Some might say Julius Caesar was the most influential figure in Roman history. Others might nominate Brutus, the man who drove out the last of Rome’s kings, or Augustus, who 700 years later essentially went on to became one. But although this figure’s admittedly less known, there’s another strong contender for being one of Roman history’s most influential: the humble pullarius, or “priest of the sacred chickens”.
The pullarius was responsible for keeping sacred chickens and using them to make divinations or “predictions.” These holy birds, which had been sourced from the island of Negreponte (now Euboea, near Athens), were kept unfed in their cages for a predetermined amount of time before being released and presented with some grain. If they ate the grain, the venture upon which the Romans were consulting them was deemed favorable. If they didn’t touch it, however, the venture lacked the god’s backing and was therefore to be abandoned.
This was just one of many forms of augury â not to be confused with “orgy”, though the Romans had plenty of those too â that completely consumed Roman decision-making. There were many ways of trying to divine the will of the gods through auguring. Observing and interpreting natural or manmade phenomena â a thunderstorm, perhaps, or an inauspicious chant by the crowd at the games â are a couple of examples. But the most common, ritualized, and legal methods of auguring were getting a priest to either read the entrails of a slaughtered animal or extrapolate meaning from the behavior of birds.
Augury was central to Roman policymaking; if the auguries weren’t good, the undertaking would be abandoned. If you think that’s insane, imagine how Rome’s enemies must have felt (frustrated, most likely; chickens being notoriously difficult to bribe). I mean it’s not like antiquity was lacking in genius. These were, after all, the centuries that produced Socrates and Plato; Cicero and Virgil. You might have thought one of Rome’s enemies would consider sneaking some food into the coops: satiating the sacred chickens’ hunger and thereby saving their city from marauding Roman forces.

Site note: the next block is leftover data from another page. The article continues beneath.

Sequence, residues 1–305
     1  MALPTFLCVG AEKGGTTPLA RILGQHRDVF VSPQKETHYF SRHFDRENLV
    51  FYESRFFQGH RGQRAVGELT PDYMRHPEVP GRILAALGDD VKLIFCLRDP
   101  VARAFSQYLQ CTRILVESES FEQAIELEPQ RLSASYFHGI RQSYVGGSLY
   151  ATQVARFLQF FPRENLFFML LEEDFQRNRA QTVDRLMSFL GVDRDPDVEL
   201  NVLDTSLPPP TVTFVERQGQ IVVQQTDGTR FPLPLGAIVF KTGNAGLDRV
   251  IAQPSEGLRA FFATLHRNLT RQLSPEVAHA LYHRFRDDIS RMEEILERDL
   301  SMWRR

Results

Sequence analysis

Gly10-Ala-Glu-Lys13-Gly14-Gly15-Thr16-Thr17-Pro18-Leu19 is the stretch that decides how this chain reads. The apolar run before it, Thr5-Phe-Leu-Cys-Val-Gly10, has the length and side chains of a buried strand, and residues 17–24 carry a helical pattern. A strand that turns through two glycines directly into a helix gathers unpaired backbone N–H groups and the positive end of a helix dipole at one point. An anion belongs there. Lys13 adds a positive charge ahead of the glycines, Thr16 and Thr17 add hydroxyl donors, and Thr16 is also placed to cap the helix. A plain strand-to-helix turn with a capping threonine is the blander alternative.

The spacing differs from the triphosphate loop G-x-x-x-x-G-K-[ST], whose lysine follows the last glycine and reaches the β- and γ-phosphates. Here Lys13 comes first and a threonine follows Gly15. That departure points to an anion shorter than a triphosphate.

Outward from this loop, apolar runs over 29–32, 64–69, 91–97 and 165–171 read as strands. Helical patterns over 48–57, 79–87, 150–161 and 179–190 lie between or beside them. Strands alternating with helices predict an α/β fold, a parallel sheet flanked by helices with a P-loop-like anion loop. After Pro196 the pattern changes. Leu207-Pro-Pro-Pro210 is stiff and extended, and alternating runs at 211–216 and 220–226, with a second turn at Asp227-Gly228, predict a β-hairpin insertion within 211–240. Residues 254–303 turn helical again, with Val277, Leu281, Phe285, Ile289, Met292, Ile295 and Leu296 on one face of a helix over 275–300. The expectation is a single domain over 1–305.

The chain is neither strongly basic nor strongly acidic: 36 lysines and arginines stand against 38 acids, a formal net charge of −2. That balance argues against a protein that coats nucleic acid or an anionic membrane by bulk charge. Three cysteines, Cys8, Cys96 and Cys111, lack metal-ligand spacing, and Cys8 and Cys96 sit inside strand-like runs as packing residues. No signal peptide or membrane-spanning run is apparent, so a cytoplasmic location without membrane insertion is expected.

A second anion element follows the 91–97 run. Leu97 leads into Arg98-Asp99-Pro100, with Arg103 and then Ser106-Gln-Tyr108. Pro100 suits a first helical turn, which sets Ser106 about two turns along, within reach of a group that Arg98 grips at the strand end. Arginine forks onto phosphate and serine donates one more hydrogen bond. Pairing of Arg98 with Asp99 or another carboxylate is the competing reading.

Then again, in the one episode for which we have any substantial information about the pullarius such guile wasn’t even necessary. For as important as the sacred chickens were to the superstitious practices of the Romans, on this one occasion they were simply ignored. The episode in question took place during the Third Samnite War (298 – 290 BC), fought between the Roman Republic and one of its southern, persistently troublesome neighbors, the Samnites.
The Samnites inhabited the area of what is now the Italian region of Campania â famous for cities such as Naples, and sites as Pompeii, Herculaneum, and of course Vesuvius. As native speakers of Oscan, the Samnites were linguistically and ethnically different from the Latin speaking Romans. They were politically autonomous too, eventually bringing them into conflict with territorially snowballing Romans.
This wasn’t the first time the two powers had come to blows. As the name of the war suggests, they had already fought two wars, in the late fourth century BC, when Rome began expanding southwards. Rome had won both, but not without suffering some serious and humiliating defeats, particularly at the Caudine Forks in 321 BC. The Third Samnite War wouldn’t be the last conflict between the two either. The Samnites were the last to hold out against the Romans during the so-called Social War of the 90s and 80s BC; an effort that ushered in their ethnic cleansing under the ruthless Roman general Lucius Cornelius Sulla.